Objectivity, Subjectivity and Food (a discussion)

Last night I wrote a big essay about objectivity, subjectivity and food and then–perhaps ironically–Safari ate it. Maybe, though, that’s for the best. It was a bit long-winded. The truth is that I’d rather have a discussion with you, my readers, than rant and rave like a loon. The prompt for the essay was a story out of “The United States of Arugula”–the story of Dean & DeLuca. Young Giorgio DeLuca’s high school A.P. history teacher, Jack Estrin, said that beauty and truth were not subjective but objective. “All us kids went, ‘No, no! Art is not objective, it’s a matter of opinion, a matter of what you like,'” recalls DeLuca (on pg. 199). The teacher said he “didn’t know what we were talking about.”

Later, when DeLuca met Joel Dean–his highly cultured upstairs neighbor–it was Dean who confirmed his teacher’s message. “I told him what Jack Estrin had told me,” DeLuca continues. “Dean was the first person to say to me, ‘That guy knew what he was talking about. Art is objective. Beauty is objective. Otherwise, you couldn’t agree on who all the great artists were through the ages.'”

Together, then, they translated this philosophy into their eponymous food store: “A lot of this was in reaction to the processed food that America was starting to live on: the Swanson’s TV dinners, the Tang, the fucking WisPride cheddar in a crock,” DeLuca concludes. “Americans were losing their ability to taste. I wanted to show that some things are better than others. Americans are taught just the opposite: ‘Whatever makes you happy. You like Coca-Cola and this guy likes fine Burgundies? You can’t say one is better than the other!’ Can you imagine the absurdity of that? But that’s the underlying philosophy that Americans are brainwashed into.”

I find this subject fascinating, especially because I spent two years in graduate writing school being taught that there were objective qualities to good writing that we should all seek out for ourselves: character, conflict, an escalating structure. All of our teachers pointed to Aristotle. And yet some of the worst writing came from those who tried to cobble together what should have been “objectively better” plays–with schematic, diagrammable plots–but plays that were incredibly uninspired. Objectively, all the elements were there: subjectively, though, they were tortuous to sit through.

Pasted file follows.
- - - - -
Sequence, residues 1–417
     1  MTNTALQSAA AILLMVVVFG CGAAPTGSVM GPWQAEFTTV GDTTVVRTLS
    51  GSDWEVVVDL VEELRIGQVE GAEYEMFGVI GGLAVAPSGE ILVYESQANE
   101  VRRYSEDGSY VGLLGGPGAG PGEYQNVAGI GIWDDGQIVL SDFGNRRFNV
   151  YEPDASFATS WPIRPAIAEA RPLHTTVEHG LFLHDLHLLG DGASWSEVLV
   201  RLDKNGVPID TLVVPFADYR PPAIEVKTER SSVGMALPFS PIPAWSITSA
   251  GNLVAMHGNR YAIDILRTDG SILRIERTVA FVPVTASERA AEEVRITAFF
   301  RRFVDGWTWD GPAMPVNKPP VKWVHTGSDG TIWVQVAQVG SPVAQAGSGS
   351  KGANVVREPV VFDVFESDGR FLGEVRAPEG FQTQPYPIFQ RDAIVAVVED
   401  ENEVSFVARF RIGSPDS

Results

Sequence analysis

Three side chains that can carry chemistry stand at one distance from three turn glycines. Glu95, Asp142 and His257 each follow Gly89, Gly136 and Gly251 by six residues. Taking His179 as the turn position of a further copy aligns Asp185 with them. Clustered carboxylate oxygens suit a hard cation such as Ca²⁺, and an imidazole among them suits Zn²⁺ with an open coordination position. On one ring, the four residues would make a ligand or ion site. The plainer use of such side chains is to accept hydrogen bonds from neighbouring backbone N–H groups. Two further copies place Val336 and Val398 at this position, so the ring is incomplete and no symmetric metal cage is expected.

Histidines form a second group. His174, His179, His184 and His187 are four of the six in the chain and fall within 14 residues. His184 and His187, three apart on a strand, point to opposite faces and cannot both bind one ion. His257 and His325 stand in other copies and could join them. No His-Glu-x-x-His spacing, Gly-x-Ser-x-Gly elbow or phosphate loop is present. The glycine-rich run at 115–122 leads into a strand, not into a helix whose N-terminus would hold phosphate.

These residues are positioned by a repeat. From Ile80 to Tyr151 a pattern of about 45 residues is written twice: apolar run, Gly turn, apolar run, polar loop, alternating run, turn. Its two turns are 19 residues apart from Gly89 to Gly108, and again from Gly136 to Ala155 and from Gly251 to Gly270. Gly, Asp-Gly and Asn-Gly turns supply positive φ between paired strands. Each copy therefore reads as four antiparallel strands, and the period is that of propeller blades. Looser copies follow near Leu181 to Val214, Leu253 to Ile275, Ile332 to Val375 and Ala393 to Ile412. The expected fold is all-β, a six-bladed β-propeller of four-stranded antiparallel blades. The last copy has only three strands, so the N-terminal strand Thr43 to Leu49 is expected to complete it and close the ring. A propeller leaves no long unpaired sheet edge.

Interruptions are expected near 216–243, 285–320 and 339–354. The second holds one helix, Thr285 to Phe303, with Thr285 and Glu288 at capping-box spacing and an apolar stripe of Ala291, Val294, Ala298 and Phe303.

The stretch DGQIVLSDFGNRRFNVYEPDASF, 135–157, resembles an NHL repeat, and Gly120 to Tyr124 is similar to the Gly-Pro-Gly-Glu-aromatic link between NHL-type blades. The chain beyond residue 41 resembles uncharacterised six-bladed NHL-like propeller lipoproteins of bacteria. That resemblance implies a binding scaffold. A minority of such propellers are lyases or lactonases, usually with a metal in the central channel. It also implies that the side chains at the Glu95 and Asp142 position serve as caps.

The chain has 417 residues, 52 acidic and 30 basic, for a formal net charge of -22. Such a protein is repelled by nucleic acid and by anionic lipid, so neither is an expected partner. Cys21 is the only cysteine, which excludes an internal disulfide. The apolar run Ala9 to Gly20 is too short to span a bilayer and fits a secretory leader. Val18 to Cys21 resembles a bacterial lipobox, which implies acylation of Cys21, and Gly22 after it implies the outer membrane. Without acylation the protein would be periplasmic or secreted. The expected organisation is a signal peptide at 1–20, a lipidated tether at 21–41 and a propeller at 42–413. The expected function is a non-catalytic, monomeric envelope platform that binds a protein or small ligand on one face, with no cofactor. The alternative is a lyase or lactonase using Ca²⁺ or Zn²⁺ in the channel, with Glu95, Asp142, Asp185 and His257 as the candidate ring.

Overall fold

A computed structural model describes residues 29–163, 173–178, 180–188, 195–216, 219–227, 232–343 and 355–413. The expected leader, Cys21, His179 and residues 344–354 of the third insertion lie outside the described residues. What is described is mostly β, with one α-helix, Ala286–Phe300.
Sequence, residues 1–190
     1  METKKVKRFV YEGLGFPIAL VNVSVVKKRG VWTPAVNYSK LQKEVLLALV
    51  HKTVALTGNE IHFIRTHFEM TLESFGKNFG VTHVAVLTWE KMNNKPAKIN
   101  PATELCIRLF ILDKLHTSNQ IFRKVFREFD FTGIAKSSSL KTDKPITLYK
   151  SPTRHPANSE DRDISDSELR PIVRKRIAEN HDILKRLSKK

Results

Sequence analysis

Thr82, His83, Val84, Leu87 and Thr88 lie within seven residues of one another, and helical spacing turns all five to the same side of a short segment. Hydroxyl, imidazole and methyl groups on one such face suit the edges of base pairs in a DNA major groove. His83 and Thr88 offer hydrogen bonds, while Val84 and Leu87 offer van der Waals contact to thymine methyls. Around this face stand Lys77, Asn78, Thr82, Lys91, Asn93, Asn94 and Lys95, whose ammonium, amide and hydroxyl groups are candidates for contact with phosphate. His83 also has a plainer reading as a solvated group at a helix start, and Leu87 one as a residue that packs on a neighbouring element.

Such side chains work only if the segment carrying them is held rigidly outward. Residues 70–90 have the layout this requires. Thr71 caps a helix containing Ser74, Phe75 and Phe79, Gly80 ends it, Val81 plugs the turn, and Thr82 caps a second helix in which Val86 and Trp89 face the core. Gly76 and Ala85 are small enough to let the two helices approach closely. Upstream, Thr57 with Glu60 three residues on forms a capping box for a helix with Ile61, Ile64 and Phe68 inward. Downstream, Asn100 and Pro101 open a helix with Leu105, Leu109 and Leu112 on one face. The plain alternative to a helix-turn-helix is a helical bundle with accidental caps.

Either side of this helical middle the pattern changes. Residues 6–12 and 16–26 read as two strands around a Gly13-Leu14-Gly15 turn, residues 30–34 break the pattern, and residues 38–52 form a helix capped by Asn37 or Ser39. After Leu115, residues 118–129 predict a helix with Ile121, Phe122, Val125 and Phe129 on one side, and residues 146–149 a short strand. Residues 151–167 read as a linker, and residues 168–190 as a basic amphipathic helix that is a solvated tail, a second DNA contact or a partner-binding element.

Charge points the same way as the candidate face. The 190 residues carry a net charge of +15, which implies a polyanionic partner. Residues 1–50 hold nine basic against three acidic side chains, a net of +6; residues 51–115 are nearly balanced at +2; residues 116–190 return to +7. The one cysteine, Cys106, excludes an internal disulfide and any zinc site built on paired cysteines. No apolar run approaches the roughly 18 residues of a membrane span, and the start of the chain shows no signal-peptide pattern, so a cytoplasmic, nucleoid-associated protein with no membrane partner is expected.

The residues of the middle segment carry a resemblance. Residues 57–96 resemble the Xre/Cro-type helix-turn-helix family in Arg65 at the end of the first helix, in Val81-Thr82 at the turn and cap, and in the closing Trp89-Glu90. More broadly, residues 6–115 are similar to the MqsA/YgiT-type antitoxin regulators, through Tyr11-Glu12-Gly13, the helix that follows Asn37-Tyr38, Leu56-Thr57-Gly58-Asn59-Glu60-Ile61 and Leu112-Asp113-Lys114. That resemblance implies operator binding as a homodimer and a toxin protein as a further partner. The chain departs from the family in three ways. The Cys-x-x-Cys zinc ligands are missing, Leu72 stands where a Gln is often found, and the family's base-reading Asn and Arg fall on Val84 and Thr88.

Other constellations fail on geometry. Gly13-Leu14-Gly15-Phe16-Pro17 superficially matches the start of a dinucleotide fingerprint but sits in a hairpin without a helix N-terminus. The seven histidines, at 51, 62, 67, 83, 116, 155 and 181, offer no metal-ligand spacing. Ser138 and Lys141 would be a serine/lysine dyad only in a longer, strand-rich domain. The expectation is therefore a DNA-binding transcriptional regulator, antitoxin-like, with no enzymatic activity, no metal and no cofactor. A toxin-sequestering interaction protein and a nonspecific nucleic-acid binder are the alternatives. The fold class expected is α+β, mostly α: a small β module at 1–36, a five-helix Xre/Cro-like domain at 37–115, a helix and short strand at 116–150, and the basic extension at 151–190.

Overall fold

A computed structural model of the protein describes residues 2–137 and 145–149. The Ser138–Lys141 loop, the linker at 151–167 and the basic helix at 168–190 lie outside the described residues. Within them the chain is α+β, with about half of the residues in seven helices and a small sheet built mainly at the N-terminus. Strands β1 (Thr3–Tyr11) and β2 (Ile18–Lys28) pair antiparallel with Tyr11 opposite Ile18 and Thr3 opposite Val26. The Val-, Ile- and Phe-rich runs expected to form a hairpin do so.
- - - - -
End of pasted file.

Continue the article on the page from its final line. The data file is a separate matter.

A good example of this conundrum is Hung on “Top Chef.” He’s got the objective criteria down pat. Did you hear him last week when he paired berries with something creamy, “Because sweet things and creamy things go well together.” He said it like it was a hard and fast rule. And when the judge criticized his dish for not working, Hung was outraged: “So you’re saying that sweet and creamy don’t go well together?” he snapped back.

I’d say more but I have to head out. What do you think, A.G. readers? Can food be measured objectively? Or is most of it subjective? What will you be drinking with lunch: Coca Cola or a fine Burgundy?

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